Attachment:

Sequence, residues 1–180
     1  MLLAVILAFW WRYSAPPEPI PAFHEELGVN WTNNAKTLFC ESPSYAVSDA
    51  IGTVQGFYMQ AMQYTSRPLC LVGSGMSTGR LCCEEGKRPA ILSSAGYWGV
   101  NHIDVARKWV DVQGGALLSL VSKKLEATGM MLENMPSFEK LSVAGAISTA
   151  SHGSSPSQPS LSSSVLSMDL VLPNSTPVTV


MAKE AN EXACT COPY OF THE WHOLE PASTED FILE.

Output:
Sequence, residues 1–180
     1  MLLAVILAFW WRYSAPPEPI PAFHEELGVN WTNNAKTLFC ESPSYAVSDA
    51  IGTVQGFYMQ AMQYTSRPLC LVGSGMSTGR LCCEEGKRPA ILSSAGYWGV
   101  NHIDVARKWV DVQGGALLSL VSKKLEATGM MLENMPSFEK LSVAGAISTA
   151  SHGSSPSQPS LSSSVLSMDL VLPNSTPVTV